Sections 242, 244 of foot section 240 are moved from the stowed position to the raised position by first rotating leg supports 68 inward relative to main frame 22. Activation of the handles allow sections 242, 244 to then rotate upward relative to leg supports 68. Outer sections 66 are then unfastened and folded outward to cover leg supports 68.
FIG. 6 illustrates a perspective view of another embodiment of a birthing bed 260 used in a conventional hospital room. Bed 260 has a main or intermediate frame 262 mounted by a parallelogram linkage 264 to a base frame 266. Base frame 266 includes castors 268 for supporting the bed 260 on the floor. Bed 260 includes a patient support deck 270 for supporting a mattress 272 on which a patient can sit, lie, or recline. Patient support deck 270 includes a generally horizontal seat section 274 coupled to mainframe 262. A head section 276 is pivotably coupled to seat section 274 so that the bed 260 can be articulated between a generally horizontal laying position defining a generally horizontal upwardly facing surface in the plane of the seat section 274. In addition, the bed 260 provides a generally reclining sitting up position with the head section 276 inclined with respect to the seat section 274. A number of intermediate positions therebetween are also possible. In addition, the bed can include a plurality of siderails 278 coupled to the deck 270.
Seat section 274 can include a central opening 279 into which a removable foot section 280 can be inserted to provide full support when foot section 280 is coupled or latched into place with seat section 274. A detachable portion 282 of the mattress 272 is secured to foot section 280 as previously described. An upper surface 283 of foot section 280 is configured to be aligned in substantially the same plane as seat section 274 of the mattress 272. Detachable portion 282 includes an inner section 284 coupled to an outer section 286 and another outer section 288 both of which are pivotably coupled to the inner section 284.
The foot section 280 includes a handle 289 which is coupled to the support deck 270 which is disposed beneath the detachable portion 282. The handle 289 includes a latching mechanism (not shown) that enables a caregiver to latch the foot section 280 into the attached position to the seat section 274 as well as to unlatch the foot section 280 therefrom.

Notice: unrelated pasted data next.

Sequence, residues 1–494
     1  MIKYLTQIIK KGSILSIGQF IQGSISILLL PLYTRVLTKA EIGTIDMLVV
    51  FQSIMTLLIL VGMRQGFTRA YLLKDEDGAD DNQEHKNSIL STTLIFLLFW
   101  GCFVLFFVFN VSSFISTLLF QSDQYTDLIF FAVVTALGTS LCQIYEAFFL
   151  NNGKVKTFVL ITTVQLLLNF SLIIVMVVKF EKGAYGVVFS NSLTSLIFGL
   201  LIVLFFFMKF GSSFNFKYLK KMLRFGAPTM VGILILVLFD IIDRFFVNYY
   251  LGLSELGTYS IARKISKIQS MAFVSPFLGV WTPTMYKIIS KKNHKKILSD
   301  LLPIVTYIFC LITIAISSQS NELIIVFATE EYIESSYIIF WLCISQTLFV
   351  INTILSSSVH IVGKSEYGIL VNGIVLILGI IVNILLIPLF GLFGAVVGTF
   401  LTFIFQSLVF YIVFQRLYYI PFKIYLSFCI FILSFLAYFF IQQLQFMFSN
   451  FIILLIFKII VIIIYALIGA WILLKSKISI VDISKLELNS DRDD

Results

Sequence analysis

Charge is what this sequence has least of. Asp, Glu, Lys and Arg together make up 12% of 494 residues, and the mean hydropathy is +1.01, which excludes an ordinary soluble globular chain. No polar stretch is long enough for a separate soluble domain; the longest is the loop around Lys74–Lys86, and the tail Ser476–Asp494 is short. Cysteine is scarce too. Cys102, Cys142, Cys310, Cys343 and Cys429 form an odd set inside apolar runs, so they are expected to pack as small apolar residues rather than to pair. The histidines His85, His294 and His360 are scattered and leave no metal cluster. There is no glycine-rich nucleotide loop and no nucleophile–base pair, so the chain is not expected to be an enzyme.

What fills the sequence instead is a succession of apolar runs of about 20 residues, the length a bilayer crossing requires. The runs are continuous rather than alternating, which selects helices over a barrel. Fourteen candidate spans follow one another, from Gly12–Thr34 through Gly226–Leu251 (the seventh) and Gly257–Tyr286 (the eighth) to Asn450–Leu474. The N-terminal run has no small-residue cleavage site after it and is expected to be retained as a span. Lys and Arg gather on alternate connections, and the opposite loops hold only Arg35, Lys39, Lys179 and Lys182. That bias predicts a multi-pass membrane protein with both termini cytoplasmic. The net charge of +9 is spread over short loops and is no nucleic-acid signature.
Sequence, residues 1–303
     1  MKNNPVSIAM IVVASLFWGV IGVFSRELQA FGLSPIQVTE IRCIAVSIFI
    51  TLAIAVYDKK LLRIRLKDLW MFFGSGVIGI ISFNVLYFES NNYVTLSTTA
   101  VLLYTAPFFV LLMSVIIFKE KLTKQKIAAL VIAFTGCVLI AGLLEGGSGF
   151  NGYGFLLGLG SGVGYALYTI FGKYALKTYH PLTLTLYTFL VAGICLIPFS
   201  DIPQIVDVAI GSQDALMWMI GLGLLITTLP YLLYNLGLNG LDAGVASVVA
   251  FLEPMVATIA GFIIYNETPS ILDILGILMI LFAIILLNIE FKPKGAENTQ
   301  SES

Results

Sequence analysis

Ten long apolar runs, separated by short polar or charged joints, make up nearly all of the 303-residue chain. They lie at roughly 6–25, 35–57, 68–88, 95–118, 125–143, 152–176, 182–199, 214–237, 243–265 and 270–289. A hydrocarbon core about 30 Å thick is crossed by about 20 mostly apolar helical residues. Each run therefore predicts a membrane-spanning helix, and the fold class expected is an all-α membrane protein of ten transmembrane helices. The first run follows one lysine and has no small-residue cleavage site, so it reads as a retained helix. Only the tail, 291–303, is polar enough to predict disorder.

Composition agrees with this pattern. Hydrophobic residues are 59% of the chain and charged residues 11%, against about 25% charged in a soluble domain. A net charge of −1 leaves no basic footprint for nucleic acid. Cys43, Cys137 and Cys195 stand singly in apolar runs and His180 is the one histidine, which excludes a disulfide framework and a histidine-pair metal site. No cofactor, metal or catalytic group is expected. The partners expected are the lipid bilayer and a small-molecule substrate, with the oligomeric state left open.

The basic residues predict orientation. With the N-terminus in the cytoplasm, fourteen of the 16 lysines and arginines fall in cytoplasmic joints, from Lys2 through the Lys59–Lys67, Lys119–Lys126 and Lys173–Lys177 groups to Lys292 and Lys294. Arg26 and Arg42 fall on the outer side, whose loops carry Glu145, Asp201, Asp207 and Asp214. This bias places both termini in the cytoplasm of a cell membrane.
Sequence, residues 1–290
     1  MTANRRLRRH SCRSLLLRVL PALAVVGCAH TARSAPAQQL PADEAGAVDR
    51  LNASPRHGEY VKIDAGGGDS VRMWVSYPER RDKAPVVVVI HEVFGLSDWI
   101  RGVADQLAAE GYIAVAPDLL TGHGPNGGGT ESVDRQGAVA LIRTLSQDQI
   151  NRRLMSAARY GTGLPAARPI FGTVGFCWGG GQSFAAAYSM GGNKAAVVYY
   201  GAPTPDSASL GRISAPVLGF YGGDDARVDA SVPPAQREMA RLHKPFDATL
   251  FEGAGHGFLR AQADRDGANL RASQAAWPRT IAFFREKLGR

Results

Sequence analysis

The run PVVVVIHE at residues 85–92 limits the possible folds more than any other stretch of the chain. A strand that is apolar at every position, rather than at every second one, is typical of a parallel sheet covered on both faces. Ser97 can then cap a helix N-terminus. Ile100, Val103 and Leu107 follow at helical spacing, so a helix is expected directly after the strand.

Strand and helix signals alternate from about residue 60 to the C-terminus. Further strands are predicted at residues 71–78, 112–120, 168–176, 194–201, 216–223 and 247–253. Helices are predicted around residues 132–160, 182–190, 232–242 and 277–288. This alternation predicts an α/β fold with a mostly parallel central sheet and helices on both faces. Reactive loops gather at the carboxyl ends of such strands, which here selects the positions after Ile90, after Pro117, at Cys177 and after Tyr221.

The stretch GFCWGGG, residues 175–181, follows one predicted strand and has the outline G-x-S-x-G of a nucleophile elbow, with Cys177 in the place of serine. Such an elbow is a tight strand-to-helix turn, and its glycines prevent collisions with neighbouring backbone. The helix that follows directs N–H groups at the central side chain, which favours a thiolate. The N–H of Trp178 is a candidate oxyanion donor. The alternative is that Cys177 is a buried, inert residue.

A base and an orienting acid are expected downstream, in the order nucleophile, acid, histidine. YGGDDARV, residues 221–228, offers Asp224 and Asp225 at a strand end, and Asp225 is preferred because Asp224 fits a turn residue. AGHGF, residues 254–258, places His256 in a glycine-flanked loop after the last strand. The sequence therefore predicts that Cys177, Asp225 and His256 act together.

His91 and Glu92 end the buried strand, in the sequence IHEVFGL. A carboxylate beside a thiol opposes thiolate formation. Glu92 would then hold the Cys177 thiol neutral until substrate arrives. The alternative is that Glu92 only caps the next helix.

As previously described, no matter the position of the foot section 280, foot section 280 is coupled to the mainframe 262 or to the seat section 274.
When the foot section 280 is coupled to the seat section 274 and the upper surfaces of the foot section and seat section are essentially planar, the outer section 286 and outer section 288 can be extended from the inner section 284 and positioned upon a first leg support 292 and a second leg support 294. Each of the leg supports 292 and 294 are coupled to a respective yoke, yoke 296 being the only one which is illustrated. For a more detailed description of the leg supports used in the present embodiment, please refer to U.S. Pat. No. 6,654,974, the disclosure of which is expressly incorporated herein in its entirety by reference.
FIGS. 7 through 11 illustrate the foot section 280 in a variety of positions including an attached position, a detached position, and a stowed position. In FIG. 9, the extension slide mechanism can be seen when the when the foot section 280 is in the attached position. In FIG. 9, the seat section 274 is not illustrated. An extension slide includes a foot section channel bracket 300, which is coupled to the foot section 180, engages a foot section bracket 302. The foot section bracket 302 is in turn coupled to the bed through a linkage 304 and a seat bracket 306, coupled to the seat section 274. While the side view of FIG. 9 illustrates a single channel 300, the opposite side of the deck 270 also includes a channel bracket 30. In addition, corresponding brackets 302, linkage 304, and bracket 306 are included on the opposite side as well. (see FIG. 7)